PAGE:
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Russians Hacked Ukrainian Firm At The Center Of Impeachment

California cybersecurity firm Area 1 says Russian hackers targeted the Ukrainian gas company at the center of President Trump's impeachment. NPR's Noel King talks to Area 1 co-founder Oren Falkowitz.

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Transcript:

NOEL KING, HOST:

Russian military hackers targeted the company at the center of President Trump's impeachment, Burisma. Burisma, you will remember, is a Ukrainian conglomerate. Hunter Biden served on its board. President Trump later pushed Ukraine to investigate Hunter Biden and his father, Joe Biden.

Now a California-based security firm called Area 1 says, this fall, Russian hackers succeeded in getting into Burisma's email system. Oren Falkowitz is the co-founder of Area 1. He worked for the National Security Agency from 2006 to 2013, and he's on the line now. Good morning, sir.

OREN FALKOWITZ: Good morning.

KING: What did you find evidence of exactly?

FALKOWITZ: We found that since early November, cyber actors working for the Russian government have been sending phishing attacks to employees at the subsidiaries of Burisma holdings.

KING: These hackers are not unknown to the United States government or to most Americans at this point. They are the GRU, and they were responsible for hacks on the Clinton campaign and the Democratic National Committee, right?

FALKOWITZ: Yes, that's correct.

KING: What were the Russian hackers looking for when they broke into the email accounts of Burisma employees?

FALKOWITZ: It's unknown what the Russians were looking for, but we do know they were successful in conducting their phishing attacks.

KING: OK. How come we don't know what they were looking for?

FALKOWITZ: Well, it's hard to understand what the goal of a cyber actor is. So take, for instance, once you have the usernames and passwords to someone's email account, as you saw in the 2016 election, you could just only observe the data - and that could be helpful for intelligence purposes - or you could take that data and release it publicly for it to become embarrassing. You could also take that data to create more sophisticated phishing campaigns and increase the level of authenticity. So it's yet to be determined.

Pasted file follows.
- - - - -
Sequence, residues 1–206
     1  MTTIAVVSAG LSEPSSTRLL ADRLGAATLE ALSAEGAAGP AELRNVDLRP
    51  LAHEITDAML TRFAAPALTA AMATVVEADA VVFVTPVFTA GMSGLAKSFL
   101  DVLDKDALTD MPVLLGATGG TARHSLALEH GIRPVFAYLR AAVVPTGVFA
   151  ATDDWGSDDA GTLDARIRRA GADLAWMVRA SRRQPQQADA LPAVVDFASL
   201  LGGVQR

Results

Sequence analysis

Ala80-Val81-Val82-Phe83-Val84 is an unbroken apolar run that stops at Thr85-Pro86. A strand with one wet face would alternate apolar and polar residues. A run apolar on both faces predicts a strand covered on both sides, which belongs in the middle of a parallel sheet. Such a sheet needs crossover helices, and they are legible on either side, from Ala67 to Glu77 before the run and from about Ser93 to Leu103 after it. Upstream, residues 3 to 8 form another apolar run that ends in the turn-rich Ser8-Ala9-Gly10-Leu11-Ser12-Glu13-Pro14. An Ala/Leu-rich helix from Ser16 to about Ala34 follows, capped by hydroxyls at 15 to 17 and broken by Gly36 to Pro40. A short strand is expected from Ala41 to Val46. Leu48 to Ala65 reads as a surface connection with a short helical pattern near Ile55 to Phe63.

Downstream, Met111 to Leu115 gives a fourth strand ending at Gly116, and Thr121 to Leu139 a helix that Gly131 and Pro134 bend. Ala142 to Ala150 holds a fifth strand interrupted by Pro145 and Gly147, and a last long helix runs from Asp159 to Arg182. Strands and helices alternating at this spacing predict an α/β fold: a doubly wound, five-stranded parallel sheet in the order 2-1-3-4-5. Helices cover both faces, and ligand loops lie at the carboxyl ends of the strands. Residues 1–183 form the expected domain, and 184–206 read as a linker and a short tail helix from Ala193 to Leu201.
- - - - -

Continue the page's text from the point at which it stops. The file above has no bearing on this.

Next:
KING: OK. And how did this catch the attention of your firm? How did you figure it out, basically?

FALKOWITZ: Well, one of our researchers was working on New Year's Eve and he noticed that a new Russian campaign had started. And it wasn't till a few days later that we were able to kind of take a step back and notice that all the targets were Ukrainian oil and gas companies, and they were all subsidiaries of Burisma.

KING: Oh, that's interesting. OK. Russian officials, we should note, haven't commented. Can you say with 100% certainty that these were Russian hackers?

FALKOWITZ: Yes.

KING: OK. Why can you say that? How do you know?

FALKOWITZ: Well, our team are experts. We've been, for years, tracking and learning about how this specific Russian government group conducts its cyber operations. And there are patterns within the campaign that match other cyberattacks that we've been observing that are ongoing as well.

KING: OK. So you've seen them do it before and this matches the pattern.

FALKOWITZ: That's correct.

KING: I wonder - companies we know, at this point, are repelling phishing attacks all of the time. We get warnings about it here at NPR. Burisma is a major player in the energy sector. Could this just be a random attempt to attack a very obvious target?

FALKOWITZ: Well, you know, Noel, 9 in 10 times when there are damages in cybersecurity, it's as the result of phishing. And so there's still a lot more to do to make sure that companies and organizations around the world are protected from these types of attacks. You know, for the past four years, we've been worrying about what might happen and there've been a lot of warnings about cybersecurity in elections. And I think we've provided an early warning and insights with a very specific use case.

KING: In light of your expertise, I wonder, can you give the 2020 presidential campaigns some specific advice on what to do to guard against this type of intrusion?

FALKOWITZ: Make sure you can't be phished.

KING: Make sure you can't be phished. It's as simple as that, huh?

FALKOWITZ: That's correct.

KING: Oren Falkowitz of the security firm Area 1, thank you so much.

FALKOWITZ: Thank you.

KING: And I should note that last night, NPR asked for comment from Burisma Holdings, and we are waiting on them for a response. Transcript provided by NPR, Copyright NPR.